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Sequester Chokes SEC, Regulator Funds

As the market burns up the DOW, the SEC and other regulators will see their budgets slashed during the sequester. What happens if the government shuts down?

While most Americans seem to be at peace with the sequester despite MSNBC’s near non-stop efforts to have everyone panic, there are some signs that the financial industry will see a major impact from the budgets cuts.

The watchdogs who monitor the markets will see their budgets slashed. Last month, The Hill reported:

According to the Office of Management and Budget (OMB), several of the nation's top financial regulators would experience cuts of roughly 8 percent.

The Securities and Exchange Commission's (SEC) $1.3 billion budget would fall by $108 million, while the CFTC would take a $17 million haircut to its $205 million budget.

The OMB's report also states that the new Consumer Financial Protection Bureau (CFPB) -- despite not having its budget set by Congress like the SEC and CFTC -- would also face cuts totaling $34 million from its $448 million budget.

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And if you think anyone from the GOP is going to vote for special funds to the SEC instead of the military, maybe you could Instagram some pics of your unicorn ride to work.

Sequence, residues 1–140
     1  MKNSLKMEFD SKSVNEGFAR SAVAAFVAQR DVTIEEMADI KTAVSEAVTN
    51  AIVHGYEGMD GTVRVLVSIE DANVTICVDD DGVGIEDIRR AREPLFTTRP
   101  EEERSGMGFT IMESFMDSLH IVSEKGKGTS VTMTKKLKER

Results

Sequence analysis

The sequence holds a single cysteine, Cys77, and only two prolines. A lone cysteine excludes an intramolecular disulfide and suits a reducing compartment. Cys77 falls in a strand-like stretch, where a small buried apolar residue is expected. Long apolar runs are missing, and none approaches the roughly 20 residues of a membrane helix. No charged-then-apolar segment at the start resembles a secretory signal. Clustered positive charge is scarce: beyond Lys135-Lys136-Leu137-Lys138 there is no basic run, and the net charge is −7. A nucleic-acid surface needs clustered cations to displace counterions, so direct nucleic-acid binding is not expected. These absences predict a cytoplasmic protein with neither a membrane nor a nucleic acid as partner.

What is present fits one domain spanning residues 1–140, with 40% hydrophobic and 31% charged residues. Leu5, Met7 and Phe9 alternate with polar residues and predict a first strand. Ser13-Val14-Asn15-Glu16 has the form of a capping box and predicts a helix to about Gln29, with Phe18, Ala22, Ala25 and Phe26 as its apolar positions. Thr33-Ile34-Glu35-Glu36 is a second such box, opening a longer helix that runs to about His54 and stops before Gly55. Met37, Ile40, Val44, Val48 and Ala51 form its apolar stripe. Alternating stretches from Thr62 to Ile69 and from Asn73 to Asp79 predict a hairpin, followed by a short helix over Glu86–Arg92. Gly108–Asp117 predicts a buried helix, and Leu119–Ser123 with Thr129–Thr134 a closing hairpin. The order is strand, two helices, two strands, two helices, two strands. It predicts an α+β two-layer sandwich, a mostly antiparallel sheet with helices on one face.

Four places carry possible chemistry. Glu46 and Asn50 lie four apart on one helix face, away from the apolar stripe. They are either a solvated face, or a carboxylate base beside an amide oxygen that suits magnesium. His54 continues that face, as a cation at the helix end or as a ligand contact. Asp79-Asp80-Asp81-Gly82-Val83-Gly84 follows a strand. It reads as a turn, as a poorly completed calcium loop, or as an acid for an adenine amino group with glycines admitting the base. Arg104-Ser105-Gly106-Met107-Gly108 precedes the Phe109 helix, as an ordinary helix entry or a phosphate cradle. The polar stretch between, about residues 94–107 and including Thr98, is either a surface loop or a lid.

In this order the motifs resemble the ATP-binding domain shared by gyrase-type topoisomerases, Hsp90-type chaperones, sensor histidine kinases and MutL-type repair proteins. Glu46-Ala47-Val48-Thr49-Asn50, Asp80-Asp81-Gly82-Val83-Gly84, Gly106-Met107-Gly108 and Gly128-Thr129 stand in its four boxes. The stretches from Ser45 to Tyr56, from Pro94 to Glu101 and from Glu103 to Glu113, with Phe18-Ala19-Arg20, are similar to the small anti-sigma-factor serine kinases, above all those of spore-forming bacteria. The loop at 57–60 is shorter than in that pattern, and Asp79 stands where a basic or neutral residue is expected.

This is serious money, especially for an agency that did next to nothing to abate the mortgage and credit risk crisis in 2008. Lower operating funds mean that regulators will not be able to travel to financial services conferences, investigations will have tight or next to no funds, and further rules of Dodd-Frank and other new regulations might not get of the ground.

Today's market needs the oversight that lead up to the crash of 2008 even as it has evolved even further into a world that shies away from transparency and real-time monitoring. Look at the market we have: high-frequency trading remains the de-facto method of executing deals and algorithmic trading still leads the way despite the Flash Crash and rogue algos. All that talk about transparency? It hasn’t made a dent in the market's enthusiasm for trading via dark pools at all.

Sometimes it's easy to forget that President Obama signed into the most sweeping financial oversight law in more than 70 years a little less than three years ago. Who’d have thought that Dodd-Frank might go broke after the president was easily re-elected?

Care for some more irony? Since 2008, economists and pundits spoken endlessly that the main cause for the stagnating economy was the ceaseless uncertainty. Pick your cause: Greece, Ireland, The EU, the election, The Arab Spring, Obamacare. But with a sequester underway and the threat of a government shutdown at the end of the month, the DOW seems to be comfortably settled in 14,000s. This is, as we all know, record territory.

In these odd times, it would be prudent to have an SEC with the funds to do its job. After all, Massachusetts Senator Elizabeth Warren is only one woman.

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Phil Albinus is the former editor of Advanced Trading and he currently edits the FierceFinanceIT newsletter. Follow him on Twitter at @philalbinus.

Phil Albinus is the former editor-in-chief of Advanced Trading. He has nearly two decades of journalism experience and has been covering financial technology and regulation for nine years. Before joining Advanced Trading, he served as editor of Waters, a monthly trade journal ... View Full Bio

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